EPA Rejects Challenge to Climate Change Finding

The Environmental Protection Agency (EPA) on July 29 denied 10 petitions challenging its 2009 finding that climate change caused by greenhouse gases poses a threat to human health and the environment. EPA made the endangerment finding in response to a 2007 Supreme Court case that held that greenhouse gases are air pollutants under the Clean Air Act, and are therefore subject to regulation by EPA.

The petitions, filed by GOP attorneys general from Texas and Virginia, the U.S. Chamber of Commerce and other conservative groups, alleged that the endangerment finding was based on faulty science, and that attempts to regulate greenhouse gases would be harmful to the economy. The petitions were in large part focused on the groups’ claim that stolen emails from climate scientists revealed a conspiracy to cover up evidence that could call into question the science behind climate change.

EPA Administrator Lisa Jackson shot back at these allegations in a strongly worded statement announcing EPA’s decision. “The endangerment finding is based on years of science from the U.S. and around the world. These petitions — based as they are on selectively edited, out-of-context data and a manufactured controversy — provide no evidence to undermine our determination. Excess greenhouse gases are a threat to our health and welfare,” said Jackson. “Defenders of the status quo will try to slow our efforts to get America running on clean energy. A better solution would be to join the vast majority of the American people who want to see more green jobs, more clean energy innovation and an end to the oil addiction that pollutes our planet and jeopardizes our national security.”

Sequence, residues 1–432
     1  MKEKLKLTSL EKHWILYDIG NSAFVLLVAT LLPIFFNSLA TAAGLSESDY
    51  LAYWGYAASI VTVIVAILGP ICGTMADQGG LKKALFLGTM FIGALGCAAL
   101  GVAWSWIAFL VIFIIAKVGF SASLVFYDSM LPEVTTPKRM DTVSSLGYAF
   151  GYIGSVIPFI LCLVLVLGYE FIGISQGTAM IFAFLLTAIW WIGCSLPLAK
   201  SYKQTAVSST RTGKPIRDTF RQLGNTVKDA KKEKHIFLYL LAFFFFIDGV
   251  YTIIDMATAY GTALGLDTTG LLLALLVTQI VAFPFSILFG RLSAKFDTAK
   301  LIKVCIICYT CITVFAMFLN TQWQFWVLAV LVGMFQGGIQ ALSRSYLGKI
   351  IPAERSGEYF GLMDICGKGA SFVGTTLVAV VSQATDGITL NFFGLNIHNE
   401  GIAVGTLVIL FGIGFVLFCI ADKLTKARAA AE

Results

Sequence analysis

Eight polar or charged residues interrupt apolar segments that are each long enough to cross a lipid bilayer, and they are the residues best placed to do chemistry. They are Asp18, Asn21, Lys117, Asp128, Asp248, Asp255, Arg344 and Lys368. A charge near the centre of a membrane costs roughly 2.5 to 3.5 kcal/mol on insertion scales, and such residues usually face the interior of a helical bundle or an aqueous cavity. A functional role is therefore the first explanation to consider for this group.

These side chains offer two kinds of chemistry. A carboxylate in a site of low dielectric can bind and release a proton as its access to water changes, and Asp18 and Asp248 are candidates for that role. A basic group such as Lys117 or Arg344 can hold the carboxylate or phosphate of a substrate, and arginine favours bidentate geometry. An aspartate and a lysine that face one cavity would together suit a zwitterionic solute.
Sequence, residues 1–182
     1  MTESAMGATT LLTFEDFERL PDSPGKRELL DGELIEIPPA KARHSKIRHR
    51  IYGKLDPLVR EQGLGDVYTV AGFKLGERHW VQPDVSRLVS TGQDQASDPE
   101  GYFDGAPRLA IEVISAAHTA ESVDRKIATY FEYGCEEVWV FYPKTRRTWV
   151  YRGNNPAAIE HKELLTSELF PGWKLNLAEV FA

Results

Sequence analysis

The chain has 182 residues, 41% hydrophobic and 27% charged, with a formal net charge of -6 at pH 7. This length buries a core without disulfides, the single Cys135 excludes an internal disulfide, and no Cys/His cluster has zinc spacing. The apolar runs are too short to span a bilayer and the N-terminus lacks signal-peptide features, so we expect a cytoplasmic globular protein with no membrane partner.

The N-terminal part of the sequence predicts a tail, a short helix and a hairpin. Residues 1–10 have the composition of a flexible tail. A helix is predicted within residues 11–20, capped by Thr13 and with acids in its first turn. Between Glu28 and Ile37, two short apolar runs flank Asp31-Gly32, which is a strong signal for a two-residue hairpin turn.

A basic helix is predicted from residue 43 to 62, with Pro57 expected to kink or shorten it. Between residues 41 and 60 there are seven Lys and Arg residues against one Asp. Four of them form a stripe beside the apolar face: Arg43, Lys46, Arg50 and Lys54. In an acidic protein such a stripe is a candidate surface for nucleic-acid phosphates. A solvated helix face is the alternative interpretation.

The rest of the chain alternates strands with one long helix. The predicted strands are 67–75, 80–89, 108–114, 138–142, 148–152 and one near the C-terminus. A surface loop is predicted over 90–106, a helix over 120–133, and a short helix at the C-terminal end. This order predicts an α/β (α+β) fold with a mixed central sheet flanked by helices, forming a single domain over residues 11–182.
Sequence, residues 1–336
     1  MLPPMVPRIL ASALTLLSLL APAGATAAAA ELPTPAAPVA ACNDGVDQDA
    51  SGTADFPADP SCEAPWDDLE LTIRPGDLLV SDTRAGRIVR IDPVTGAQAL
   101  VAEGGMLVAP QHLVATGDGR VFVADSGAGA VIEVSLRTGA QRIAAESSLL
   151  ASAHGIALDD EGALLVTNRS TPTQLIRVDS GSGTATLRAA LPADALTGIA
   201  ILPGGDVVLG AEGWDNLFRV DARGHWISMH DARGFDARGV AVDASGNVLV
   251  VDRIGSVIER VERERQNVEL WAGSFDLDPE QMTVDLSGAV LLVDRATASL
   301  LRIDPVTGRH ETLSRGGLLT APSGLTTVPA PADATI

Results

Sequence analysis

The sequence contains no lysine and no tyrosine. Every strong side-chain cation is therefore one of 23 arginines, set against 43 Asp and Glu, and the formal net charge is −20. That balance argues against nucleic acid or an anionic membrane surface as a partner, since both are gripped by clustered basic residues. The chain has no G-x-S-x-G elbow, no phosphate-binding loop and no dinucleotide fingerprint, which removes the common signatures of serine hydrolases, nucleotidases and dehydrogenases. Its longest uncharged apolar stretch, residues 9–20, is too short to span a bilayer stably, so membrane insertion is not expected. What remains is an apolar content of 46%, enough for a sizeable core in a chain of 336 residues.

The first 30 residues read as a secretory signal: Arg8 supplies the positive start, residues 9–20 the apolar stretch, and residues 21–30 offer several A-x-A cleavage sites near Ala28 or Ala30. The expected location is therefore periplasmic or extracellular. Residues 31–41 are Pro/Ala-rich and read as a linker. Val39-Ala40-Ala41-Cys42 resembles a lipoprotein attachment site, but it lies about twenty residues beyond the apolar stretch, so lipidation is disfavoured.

Environmental groups have hailed EPA’s decision. “Today, the EPA took the U.S. Chamber of Commerce and other climate deniers to school,” said Sierra Club Executive Director Michael Brune. “Lisa Jackson’s announcement demonstrates once again the undeniable scientific evidence linking greenhouse gas emissions and pollutants to climate change and public health issues.” But opponents to greenhouse gas regulation are still attacking EPA on all fronts. Industry groups have filed a barrage of lawsuits against EPA’s efforts to protect public health from greenhouse gases, and members of Congress have made numerous attempts to pass legislation that would limit or overturn the finding.

The most recent of these attacks comes once again from Senator Lisa Murkowski (R-Alaska), who earlier this week proposed an amendment to a small business bill that would delay regulation of greenhouse gases for two years. Last month, Murkowski tried and failed to pass a resolution that would have overturned the endangerment finding entirely. It is unlikely that Murkowski’s latest effort to block the rule will succeed. Even if the proposed amendment survives, any attempt to suspend greenhouse gas regulations will be met by a veto, a White House official said last week.

 

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